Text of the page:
Trump says he 'wanted Biden to be successful' in tackling COVID-19, blasts his successor's handling of the pandemic




  • In Politics
  • 2021-11-28 15:50:45Z
  • By Business Insider
BIDEN TRUMP
BIDEN TRUMP  
  • Former President Trump during a Fox Business interview blasted President Biden over his handling of the COVID-19 pandemic.

  • Trump said he wanted Biden to be "successful" in fighting the virus, but called the president's performance a "disaster."

  • Trump was roundly criticized for downplaying the severity of COVID-19 during his White House tenure.

Former President Donald Trump on Friday blasted President Joe Biden over what he described as his successor's "ineffective" handling of the COVID-19 pandemic, despite his own missteps that hurt his reelection campaign last year.

During an interview on the Fox Business Network program Varney & Co., Trump said that he had hopes that Biden would succeed in tackling the coronavirus, which for nearly two years has created a public health crisis and societal upheaval around the globe.

However, the former president, who was roundly criticized during his tenure for downplaying the severity of the virus, ripped into Biden's performance.

"Look, I wanted [Biden] to be successful on the whole thing on Covid, or as I call it, the China virus," Trump said, using an incendiary term that coincided with a rise in anti-Asian sentiment on social media.

He continued: "I wanted him to be successful. He's been totally unsuccessful. It's a disaster what's happened. Now, it comes back yet again. I think he's done a terrible job on the coronavirus."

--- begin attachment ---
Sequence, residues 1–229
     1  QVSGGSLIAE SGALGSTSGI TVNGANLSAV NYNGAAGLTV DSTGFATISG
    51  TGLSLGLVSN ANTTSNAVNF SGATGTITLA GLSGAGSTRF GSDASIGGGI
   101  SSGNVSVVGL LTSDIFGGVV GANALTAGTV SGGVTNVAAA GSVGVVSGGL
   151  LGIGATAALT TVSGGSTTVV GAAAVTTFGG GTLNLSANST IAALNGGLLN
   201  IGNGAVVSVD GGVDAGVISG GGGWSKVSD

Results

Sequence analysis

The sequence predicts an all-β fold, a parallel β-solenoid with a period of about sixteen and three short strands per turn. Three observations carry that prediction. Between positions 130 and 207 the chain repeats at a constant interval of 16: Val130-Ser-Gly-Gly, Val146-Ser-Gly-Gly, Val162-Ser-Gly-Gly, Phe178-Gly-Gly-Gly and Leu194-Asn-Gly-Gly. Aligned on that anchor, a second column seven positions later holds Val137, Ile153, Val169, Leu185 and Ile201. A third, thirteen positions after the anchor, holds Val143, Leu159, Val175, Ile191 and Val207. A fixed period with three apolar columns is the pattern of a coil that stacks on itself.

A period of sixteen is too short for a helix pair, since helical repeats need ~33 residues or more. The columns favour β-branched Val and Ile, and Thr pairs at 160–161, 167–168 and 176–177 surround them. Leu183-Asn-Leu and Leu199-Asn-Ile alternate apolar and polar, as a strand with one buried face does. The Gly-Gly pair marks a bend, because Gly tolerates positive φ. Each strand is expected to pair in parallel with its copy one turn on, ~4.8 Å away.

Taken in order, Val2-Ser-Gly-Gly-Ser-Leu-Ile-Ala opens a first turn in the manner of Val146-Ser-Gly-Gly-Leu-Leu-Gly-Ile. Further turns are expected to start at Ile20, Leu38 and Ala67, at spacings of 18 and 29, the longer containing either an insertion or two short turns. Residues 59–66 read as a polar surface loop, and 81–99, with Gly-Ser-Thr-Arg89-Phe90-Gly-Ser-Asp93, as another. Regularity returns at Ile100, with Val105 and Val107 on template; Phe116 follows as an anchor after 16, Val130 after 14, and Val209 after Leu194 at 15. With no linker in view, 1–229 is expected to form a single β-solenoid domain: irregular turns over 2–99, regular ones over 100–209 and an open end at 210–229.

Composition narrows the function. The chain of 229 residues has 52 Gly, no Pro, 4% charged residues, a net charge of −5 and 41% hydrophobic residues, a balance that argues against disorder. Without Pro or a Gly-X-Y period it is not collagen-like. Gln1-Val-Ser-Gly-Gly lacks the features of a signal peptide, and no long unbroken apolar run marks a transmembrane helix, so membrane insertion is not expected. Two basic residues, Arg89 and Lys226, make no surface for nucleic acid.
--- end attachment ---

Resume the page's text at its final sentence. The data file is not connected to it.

While the former president spoke on the phone interview, he also pointed out that more people in the US have died of COVID-19 in 2021 than during 2020, but didn't note the global public health challenges that came with the emergence of the highly-infectious Delta variant earlier this year.

Trump also expressed his continued opposition to vaccine mandates, which Biden has strongly backed after initially resisting such measures earlier in his presidency.

"I want people to want to go out and get it [the vaccine], but I don't want to force it into them," the former president said.

The comments from the former president come as countries around the world, including the US, are fighting to stop the spread of the new Omicron coronavirus variant.

The rise of the variant led Biden to issue a travel ban set to take effect on November 29 for a select group of countries in southern Africa: South Africa, Eswatini, Botswana, Lesotho, Malawi, Mozambique, Namibia, and Zimbabwe.

"As a precautionary measure until we have more information, I am ordering additional air travel restrictions from South Africa and seven other countries. These new restrictions will take effect on November 29. As we move forward, we will continue to be guided by what the science and my medical team advises," he said in a statement after the ban was announced.

When asked about the decision last week, Biden told a group of reporters that he wanted to be "cautious."

"We don't know a lot about the variant except that it is a big concern and seems to spread rapidly," he said.

In March 2020 - as the coronavirus was spreading across the US - Trump issued a travel ban from most European countries, which at the time was one of the world's biggest hotbeds of the disease.

During Trump's campaign last fall, he took heat for his inconsistent messaging with the virus - praising the speed of the vaccine production while also comparing the virus to the flu - and it hurt him with voters last November.

Among the 17% of voters who cited COVID-19 as their most important issue in the 2020 presidential election, a whopping 81% of this demographic supported Biden, according to CNN national exit polling.

More than 776,000 people have died of the coronavirus in the US this year, with 48.2 million confirmed cases, according to Johns Hopkins University.

Per the Centers for Disease Control, roughly 59% of the US population has been fully vaccinated against the coronavirus as of last Wednesday.

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